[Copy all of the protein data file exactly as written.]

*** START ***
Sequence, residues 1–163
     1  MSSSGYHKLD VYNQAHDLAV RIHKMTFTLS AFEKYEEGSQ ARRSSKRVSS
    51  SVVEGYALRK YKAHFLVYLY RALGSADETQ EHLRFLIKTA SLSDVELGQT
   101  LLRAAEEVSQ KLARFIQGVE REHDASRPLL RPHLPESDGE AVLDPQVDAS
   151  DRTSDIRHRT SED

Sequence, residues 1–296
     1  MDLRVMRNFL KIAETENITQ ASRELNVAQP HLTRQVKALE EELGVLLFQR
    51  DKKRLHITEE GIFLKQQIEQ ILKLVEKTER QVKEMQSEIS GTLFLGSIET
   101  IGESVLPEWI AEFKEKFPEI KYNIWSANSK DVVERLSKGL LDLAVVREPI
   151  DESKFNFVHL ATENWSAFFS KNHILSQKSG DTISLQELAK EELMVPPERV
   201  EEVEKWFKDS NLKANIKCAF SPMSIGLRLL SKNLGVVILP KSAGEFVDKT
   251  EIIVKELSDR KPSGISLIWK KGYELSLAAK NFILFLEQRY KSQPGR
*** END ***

Sequence, residues 1–163
     1  MSSSGYHKLD VYNQAHDLAV RIHKMTFTLS AFEKYEEGSQ ARRSSKRVSS
    51  SVVEGYALRK YKAHFLVYLY RALGSADETQ EHLRFLIKTA SLSDVELGQT
   101  LLRAAEEVSQ KLARFIQGVE REHDASRPLL RPHLPESDGE AVLDPQVDAS
   151  DRTSDIRHRT SED

Sequence, residues 1–296
     1  MDLRVMRNFL KIAETENITQ ASRELNVAQP HLTRQVKALE EELGVLLFQR
    51  DKKRLHITEE GIFLKQQIEQ ILKLVEKTER QVKEMQSEIS GTLFLGSIET
   101  IGESVLPEWI AEFKEKFPEI KYNIWSANSK DVVERLSKGL LDLAVVREPI
   151  DESKFNFVHL ATENWSAFFS KNHILSQKSG DTISLQELAK EELMVPPERV
   201  EEVEKWFKDS NLKANIKCAF SPMSIGLRLL SKNLGVVILP KSAGEFVDKT
   251  EIIVKELSDR KPSGISLIWK KGYELSLAAK NFILFLEQRY KSQPGR